Equinor, Faroe plan asset swap; DNO responds

Equinor and Faroe Petroleum PLC have agreed to asset swaps in the Norwegian Sea and the North Sea region of the Norwegian Continental Shelf. The transactions are calibrated as a balanced swap with no cash consideration. Faroe signed a binding agreement to swap its interests in the Njord, Hyme redevelopment, and Bauge development assets in return for interests in four production assets on the NCS: Alve, Marulk, Ringhorne East, and Vilje.

Equinor and Faroe Petroleum PLC have agreed to asset swaps in the Norwegian Sea and the North Sea region of the Norwegian Continental Shelf. The transactions are calibrated as a balanced swap with no cash consideration.

Faroe signed a binding agreement to swap its interests in the Njord, Hyme redevelopment, and Bauge development assets in return for interests in four production assets on the NCS: Alve, Marulk, Ringhorne East, and Vilje.

Faroe said the deal accelerates production growth—adding an anticipated 7,000-8,000 boe/d net to the company during 2019 with the potential for further upside through reservoir outperformance. The company said it is swapping development for producing reserves, adding two new core areas, and increasing its financial liquidity with an expected increase in cash flow, a substantial reduction in capital expenditure associated with the Njord Area, and lower unit operating costs.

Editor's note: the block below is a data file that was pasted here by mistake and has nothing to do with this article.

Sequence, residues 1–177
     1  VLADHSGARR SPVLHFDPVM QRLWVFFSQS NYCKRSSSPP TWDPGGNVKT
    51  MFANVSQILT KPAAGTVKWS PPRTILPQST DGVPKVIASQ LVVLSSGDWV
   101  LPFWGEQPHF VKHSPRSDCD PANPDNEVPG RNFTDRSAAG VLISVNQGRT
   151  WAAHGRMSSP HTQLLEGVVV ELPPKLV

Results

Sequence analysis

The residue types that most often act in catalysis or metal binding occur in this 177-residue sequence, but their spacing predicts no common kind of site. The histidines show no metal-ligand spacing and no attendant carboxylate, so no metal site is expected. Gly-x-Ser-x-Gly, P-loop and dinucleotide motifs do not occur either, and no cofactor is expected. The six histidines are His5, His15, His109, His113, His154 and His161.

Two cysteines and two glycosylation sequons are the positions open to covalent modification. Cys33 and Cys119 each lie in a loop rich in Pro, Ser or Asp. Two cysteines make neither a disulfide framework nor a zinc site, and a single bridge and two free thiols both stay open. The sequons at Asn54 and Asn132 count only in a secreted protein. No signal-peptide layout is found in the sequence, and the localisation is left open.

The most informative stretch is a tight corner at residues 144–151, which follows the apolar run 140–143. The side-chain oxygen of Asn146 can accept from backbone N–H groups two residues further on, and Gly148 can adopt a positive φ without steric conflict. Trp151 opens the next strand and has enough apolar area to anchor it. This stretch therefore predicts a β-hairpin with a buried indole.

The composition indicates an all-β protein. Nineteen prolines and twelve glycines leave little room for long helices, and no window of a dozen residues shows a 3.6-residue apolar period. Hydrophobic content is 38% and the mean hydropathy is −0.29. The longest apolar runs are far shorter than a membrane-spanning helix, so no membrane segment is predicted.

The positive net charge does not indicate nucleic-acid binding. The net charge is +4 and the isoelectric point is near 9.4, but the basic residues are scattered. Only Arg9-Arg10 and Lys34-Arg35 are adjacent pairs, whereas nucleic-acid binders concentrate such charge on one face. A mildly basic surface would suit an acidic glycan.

For Equinor, the net effect is to upgrade its portfolio “in line with our updated roadmap for the NCS,” said Siri Espedal Kindem, senior vice-president for operations north. “We are strengthening our operated position in the prolific Njord area. We remain operator and majority equity holder in Alve, which is produced via Norne, another important part of the Norwegian Sea for us,” Kindem said. The swap also would reduce Equinor’s exposure to noncore and partner-operated assets.

DNO responds

Faroe is currently the target of an unsolicited takeover by DNO ASA (OGJ Online, Nov. 26, 2018). The Oslo-based company, which made a November offer for all shares of Faroe that is does not own, commented on the proposed swap.

“This is a significant deal for Faroe, and we need to understand it before making a judgement. While Faroe has asserted this is not designed to stop the DNO offer, we need to ask if this is good value for a company seeking growth: to swap out of its high-quality, large-scale, core growth hub, Njord, operated by…Equinor, and to take on instead mature and declining production assets—in a deal with Equinor itself. That is the test this deal needs to satisfy,” DNO said in a statement.

With effective dates of Jan. 1, 2019, closing of the asset swaps is subject to government approval.

More in Companies